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Chapter 10. elvis


Author and History
Important Command-Line Arguments
Online Help and Other Documentation
Multiwindow Editing
GUI Interfaces
Extended Regular Expressions
Improved Editing Facilities
Programming Assistance
Interesting Features
elvis Futures
Sources and Supported Operating Systems

elvis was written and is maintained by Steve Kirkendall. An earlier version became the basis for nvi. This chapter was written using elvis.

10.1. Author and History

With our thanks for his help, we'll let Steve Kirkendall give the history in his own words:

I started writing elvis 1.0 after an early clone called stevie crashed on me, causing me to lose a few hours' work and totally destroying my confidence in that program. Also, stevie stored the edit buffer in RAM which simply wasn't practical in Minix. So I started writing my own clone, which stored its edit buffer in a file. And even if my editor crashed, the edited text could still be retrieved from that file.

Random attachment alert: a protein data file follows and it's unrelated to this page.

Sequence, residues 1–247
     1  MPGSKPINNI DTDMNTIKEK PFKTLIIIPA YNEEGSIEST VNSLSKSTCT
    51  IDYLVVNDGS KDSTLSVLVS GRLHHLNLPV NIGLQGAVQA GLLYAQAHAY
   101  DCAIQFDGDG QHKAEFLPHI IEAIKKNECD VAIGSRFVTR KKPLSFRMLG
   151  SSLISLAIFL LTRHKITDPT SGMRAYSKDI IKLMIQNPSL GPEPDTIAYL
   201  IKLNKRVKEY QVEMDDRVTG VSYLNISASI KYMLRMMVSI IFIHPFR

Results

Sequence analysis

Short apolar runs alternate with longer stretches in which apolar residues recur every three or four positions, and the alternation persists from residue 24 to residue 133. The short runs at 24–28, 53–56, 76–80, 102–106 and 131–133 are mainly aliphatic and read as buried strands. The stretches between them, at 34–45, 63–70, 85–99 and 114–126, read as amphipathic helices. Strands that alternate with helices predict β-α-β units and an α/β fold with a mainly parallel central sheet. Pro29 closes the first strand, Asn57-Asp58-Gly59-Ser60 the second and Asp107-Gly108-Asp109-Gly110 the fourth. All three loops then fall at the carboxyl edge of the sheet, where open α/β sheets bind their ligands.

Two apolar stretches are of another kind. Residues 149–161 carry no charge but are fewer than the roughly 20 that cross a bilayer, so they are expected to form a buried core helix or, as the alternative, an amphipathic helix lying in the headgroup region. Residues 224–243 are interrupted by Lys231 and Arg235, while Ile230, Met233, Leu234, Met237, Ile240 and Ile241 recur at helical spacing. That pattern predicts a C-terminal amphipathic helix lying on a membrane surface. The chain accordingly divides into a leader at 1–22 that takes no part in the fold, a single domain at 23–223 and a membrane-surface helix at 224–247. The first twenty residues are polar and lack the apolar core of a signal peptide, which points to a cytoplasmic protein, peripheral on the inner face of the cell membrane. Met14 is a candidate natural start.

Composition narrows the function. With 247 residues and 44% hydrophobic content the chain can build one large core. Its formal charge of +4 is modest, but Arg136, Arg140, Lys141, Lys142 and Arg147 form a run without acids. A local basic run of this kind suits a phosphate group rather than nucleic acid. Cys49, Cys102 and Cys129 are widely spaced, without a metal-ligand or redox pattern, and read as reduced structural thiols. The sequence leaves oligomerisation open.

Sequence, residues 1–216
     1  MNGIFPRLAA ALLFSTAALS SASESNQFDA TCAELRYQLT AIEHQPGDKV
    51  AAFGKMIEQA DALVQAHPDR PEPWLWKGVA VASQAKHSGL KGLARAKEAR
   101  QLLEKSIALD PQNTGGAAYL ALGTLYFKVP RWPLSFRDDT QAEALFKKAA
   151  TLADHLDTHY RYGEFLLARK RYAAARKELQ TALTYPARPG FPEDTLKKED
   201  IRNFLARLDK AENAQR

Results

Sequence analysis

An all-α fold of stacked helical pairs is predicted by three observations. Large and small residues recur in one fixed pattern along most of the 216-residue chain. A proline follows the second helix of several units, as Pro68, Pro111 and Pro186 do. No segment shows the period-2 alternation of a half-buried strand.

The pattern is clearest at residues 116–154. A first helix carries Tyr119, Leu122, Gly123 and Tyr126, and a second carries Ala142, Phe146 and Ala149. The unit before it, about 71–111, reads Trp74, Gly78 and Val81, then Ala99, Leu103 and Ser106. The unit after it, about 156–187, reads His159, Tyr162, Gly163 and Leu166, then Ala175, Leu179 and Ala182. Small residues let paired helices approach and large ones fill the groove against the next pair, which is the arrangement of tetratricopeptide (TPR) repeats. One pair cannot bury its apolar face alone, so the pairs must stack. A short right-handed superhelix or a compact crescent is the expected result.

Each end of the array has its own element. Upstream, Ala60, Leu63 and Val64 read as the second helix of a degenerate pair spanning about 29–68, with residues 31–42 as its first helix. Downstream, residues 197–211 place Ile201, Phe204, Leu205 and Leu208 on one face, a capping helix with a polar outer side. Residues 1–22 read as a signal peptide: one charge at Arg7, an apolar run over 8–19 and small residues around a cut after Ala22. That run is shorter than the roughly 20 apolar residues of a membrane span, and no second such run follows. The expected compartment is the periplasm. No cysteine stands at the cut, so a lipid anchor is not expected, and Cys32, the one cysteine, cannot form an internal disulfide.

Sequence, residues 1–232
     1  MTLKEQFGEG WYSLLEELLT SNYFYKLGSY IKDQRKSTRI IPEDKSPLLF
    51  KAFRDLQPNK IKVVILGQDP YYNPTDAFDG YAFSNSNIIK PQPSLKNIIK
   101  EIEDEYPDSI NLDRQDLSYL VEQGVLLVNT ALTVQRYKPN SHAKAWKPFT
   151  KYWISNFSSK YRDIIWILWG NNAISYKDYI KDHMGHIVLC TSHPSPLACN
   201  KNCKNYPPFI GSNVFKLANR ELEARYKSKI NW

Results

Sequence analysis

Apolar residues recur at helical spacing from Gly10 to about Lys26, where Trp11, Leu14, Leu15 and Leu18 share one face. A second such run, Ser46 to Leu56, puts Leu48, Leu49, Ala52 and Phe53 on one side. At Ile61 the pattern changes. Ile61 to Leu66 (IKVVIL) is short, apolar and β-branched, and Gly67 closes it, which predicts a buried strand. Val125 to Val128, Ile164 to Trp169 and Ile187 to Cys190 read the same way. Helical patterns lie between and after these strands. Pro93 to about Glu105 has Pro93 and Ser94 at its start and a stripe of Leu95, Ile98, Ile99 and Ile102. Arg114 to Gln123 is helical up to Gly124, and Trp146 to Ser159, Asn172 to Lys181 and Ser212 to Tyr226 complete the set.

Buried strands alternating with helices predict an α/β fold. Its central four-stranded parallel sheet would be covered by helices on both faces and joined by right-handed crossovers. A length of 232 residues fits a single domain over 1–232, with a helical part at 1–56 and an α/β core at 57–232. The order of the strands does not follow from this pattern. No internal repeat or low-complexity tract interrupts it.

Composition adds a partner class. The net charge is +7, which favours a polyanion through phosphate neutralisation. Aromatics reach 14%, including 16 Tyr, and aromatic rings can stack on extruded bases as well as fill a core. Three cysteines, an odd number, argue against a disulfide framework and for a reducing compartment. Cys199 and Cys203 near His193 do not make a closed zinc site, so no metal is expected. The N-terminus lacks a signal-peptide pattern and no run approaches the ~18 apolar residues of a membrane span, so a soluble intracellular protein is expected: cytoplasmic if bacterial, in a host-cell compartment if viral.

elvis 2.x is almost completely separate from 1.x. I wrote this, my second vi clone, because my first one inherited too many limitations from the real vi, and from Minix. The biggest change is the support for multiple edit buffers and multiple windows, neither of which could be retrofitted into 1.x very easily. I also wanted to shed the line-length limitation, and have online help written in HTML.

As to the name "elvis," Steve says that at least part of the reason he chose the name was to see how many people would ask him why he chose the name![52] It is also common for vi clones to have the letters "vi" somewhere in their names.

[52]Figure In around eight years, I was only number four! A.R.

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